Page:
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6.2 EXAMPLE standard deviation that is less than bonds. Using Equation 6.3 again, we find that the portfolio
Benefits from variance is
Diversification 12)2 25)2
(0.75 (0.25 2(0.75 12)(0.25 25) 0 120
and, accordingly, the portfolio standard deviation is 120 10.96%, which is less than the
standard deviation of either bonds or stocks alone. Taking on a more volatile asset (stocks) ac-
tually reduces portfolio risk! Such is the power of diversification.

We can find investment proportions that will reduce portfolio risk even further. The risk-
minimizing proportions will be 81.27% in bonds and 18.73% in stocks.1 With these propor-
tions, the portfolio standard deviation will be 10.82%, and the portfolio™s expected return will
be 6.75%.
Is this portfolio preferable to the one with 25% in the stock fund? That depends on investor
preferences, because the portfolio with the lower variance also has a lower expected return.
opportunity set
What the analyst can and must do, however, is to show investors the entire investment
Set of available
opportunity set as we do in Figure 6.3. This is the set of all attainable combinations of risk
portfolio risk-return
and return offered by portfolios formed using the available assets in differing proportions.
Points on the investment opportunity set of Figure 6.3 can be found by varying the invest-
ment proportions and computing the resulting expected returns and standard deviations from
Equations 6.2 and 6.3. We can feed the input data and the two equations into a personal com-
puter and let it draw the graph. With the aid of the computer, we can easily find the portfolio
composition corresponding to any point on the opportunity set. Spreadsheet 6.5 shows the in-
vestment proportions and the mean and standard deviation for a few portfolios.

The Mean-Variance Criterion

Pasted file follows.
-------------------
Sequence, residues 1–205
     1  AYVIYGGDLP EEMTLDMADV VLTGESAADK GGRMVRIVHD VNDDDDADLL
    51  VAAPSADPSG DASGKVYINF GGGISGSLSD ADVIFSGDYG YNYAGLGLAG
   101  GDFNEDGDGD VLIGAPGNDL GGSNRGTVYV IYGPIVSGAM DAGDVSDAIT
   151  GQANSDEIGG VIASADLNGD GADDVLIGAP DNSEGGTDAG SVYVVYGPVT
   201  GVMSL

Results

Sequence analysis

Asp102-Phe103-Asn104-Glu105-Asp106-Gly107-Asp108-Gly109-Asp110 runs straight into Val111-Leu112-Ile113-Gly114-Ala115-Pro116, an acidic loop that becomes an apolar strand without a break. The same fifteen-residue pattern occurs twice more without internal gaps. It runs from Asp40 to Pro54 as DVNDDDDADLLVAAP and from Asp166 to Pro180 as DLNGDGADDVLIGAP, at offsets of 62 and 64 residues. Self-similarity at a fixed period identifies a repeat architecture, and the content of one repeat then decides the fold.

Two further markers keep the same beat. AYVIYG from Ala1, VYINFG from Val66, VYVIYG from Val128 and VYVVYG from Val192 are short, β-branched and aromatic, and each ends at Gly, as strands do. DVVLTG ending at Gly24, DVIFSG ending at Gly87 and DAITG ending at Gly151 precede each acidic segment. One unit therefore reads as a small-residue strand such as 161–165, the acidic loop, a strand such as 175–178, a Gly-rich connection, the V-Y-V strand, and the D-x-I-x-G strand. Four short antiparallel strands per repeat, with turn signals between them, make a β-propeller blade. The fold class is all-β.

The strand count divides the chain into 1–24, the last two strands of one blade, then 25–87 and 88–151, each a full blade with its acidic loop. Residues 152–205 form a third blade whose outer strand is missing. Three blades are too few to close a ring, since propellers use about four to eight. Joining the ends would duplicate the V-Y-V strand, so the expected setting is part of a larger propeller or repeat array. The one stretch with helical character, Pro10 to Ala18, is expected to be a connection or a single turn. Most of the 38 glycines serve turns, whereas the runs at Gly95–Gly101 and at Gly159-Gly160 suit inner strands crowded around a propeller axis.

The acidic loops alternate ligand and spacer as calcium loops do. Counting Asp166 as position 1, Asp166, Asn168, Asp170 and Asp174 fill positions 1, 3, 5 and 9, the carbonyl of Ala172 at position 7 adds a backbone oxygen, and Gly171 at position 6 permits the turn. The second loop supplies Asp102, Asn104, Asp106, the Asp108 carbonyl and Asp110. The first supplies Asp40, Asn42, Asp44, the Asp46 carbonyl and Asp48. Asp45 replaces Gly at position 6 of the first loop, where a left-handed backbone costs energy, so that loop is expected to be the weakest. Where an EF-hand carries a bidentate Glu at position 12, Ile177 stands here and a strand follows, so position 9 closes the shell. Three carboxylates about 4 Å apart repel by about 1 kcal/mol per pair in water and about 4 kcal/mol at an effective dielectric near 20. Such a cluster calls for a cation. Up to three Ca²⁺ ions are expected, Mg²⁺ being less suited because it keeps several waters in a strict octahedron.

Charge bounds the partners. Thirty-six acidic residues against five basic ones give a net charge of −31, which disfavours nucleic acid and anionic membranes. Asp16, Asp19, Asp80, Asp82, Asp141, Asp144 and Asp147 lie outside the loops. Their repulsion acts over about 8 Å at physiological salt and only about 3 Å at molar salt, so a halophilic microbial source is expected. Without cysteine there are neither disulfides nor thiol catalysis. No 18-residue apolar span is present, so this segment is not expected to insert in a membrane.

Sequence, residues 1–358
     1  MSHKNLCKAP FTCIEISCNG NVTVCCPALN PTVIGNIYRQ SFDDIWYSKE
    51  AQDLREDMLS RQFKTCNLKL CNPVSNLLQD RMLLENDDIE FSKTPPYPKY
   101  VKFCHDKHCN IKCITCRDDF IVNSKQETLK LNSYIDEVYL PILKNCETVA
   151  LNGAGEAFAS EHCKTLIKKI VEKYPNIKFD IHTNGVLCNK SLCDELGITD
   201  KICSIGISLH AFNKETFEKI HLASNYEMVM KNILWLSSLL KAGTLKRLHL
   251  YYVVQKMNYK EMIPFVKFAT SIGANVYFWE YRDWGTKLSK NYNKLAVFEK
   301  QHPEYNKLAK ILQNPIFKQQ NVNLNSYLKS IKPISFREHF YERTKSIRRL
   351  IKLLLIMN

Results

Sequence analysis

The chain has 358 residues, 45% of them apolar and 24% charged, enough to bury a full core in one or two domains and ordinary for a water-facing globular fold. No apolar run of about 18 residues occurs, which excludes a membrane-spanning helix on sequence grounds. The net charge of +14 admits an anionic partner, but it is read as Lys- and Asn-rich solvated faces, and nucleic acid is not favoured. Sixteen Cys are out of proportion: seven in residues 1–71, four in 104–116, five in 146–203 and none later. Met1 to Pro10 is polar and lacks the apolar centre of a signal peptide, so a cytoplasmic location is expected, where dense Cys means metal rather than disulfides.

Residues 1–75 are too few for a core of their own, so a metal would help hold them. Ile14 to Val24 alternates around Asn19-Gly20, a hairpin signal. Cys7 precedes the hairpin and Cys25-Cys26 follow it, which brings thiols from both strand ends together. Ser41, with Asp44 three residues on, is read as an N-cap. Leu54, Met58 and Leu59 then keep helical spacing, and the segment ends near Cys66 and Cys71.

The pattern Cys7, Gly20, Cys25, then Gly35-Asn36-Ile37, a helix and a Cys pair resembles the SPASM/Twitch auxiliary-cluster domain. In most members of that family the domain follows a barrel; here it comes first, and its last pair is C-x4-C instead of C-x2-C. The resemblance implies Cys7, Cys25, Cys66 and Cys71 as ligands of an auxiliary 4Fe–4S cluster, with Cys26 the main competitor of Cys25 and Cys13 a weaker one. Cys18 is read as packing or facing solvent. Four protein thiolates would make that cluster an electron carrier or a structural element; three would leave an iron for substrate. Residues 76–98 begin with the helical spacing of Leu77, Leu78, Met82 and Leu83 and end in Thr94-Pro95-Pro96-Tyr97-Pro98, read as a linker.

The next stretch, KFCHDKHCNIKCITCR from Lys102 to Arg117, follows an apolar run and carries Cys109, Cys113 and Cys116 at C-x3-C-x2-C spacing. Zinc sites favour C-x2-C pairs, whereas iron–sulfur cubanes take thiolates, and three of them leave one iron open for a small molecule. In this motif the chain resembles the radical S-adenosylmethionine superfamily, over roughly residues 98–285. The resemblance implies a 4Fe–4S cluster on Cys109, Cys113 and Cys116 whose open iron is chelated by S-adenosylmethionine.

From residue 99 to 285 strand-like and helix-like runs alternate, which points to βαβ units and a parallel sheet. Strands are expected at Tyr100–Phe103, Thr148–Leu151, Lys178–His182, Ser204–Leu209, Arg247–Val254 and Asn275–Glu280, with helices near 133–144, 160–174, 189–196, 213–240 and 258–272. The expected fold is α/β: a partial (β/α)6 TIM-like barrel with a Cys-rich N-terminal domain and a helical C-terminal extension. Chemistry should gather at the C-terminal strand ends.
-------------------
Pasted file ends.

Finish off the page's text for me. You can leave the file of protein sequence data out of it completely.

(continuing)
Investors desire portfolios that lie to the “northwest” in Figure 6.3. These are portfolios with
high expected returns (toward the “north” of the figure) and low volatility (to the “west”).
These preferences mean that we can compare portfolios using a mean-variance criterion in the
following way. Portfolio A is said to dominate portfolio B if all investors prefer A over B. This
will be the case if it has higher mean return and lower variance:
E(rA) E(rB) and A B

With a zero correlation coefficient, the variance-minimizing proportion in the bond fund is given by the expression:
2 2 2
S /( B S).
Bodie’Kane’Marcus: II. Portfolio Theory 6. Efficient Diversification © The McGraw’Hill
Essentials of Investments, Companies, 2003
Fifth Edition

6 Efficient Diversification

F I G U R E 6.3
Expected return (%)
11 opportunity set for
10 bond and stock funds
9 Portfolio Z
7 The minimum
variance portfolio
6 11 16 21 26 31 36
Standard deviation (%)

S P R E A D S H E E T 6.5
Investment opportunity set for bond and stock funds


σS σB ρ SB
E(rS) E(rB)

10% 6% 25% 12% 0%

Portfolio Weights Expected Return
wS wB = 1 - wS E(rP)=Col A A3 Col B B3 Std. Deviation*

0 1 6.00% 12.00%

0.1 0.9 6.40% 11.09%

0.1873 0.8127 6.75% 10.8183%

0.2 0.8 6.80% 10.8240%

0.3 0.7 7.20% 11.26%

0.4 0.6 7.60% 12.32%

0.5 0.5 8.00% 13.87%

0.6 0.4 8.40% 15.75%

0.7 0.3 8.80% 17.87%

0.8 0.2 9.20% 20.14%

0.9 0.1 9.60% 22.53%
1 0 10.00% 25.00%

Note: The minimum variance portfolio weight in stocks is

* The formula for portfolio standard deviation is:
σP=[(Col A*C3)^2+(Col B*D3)^2+2*Col A*C3*Col B*D3*E3]^.5

Graphically, if the expected return and standard deviation combination of each portfolio
were plotted in Figure 6.3, portfolio A would lie to the northwest of B. Given a choice between
portfolios A and B, all investors would choose A. For example, the stock fund in Figure 6.3
dominates portfolio Z; the stock fund has higher expected return and lower volatility.
Portfolios that lie below the minimum-variance portfolio in the figure can therefore be re-
jected out of hand as inefficient. Any portfolio on the downward sloping portion of the curve
is “dominated” by the portfolio that lies directly above it on the upward sloping portion of the
curve since that portfolio has higher expected return and equal standard deviation. The best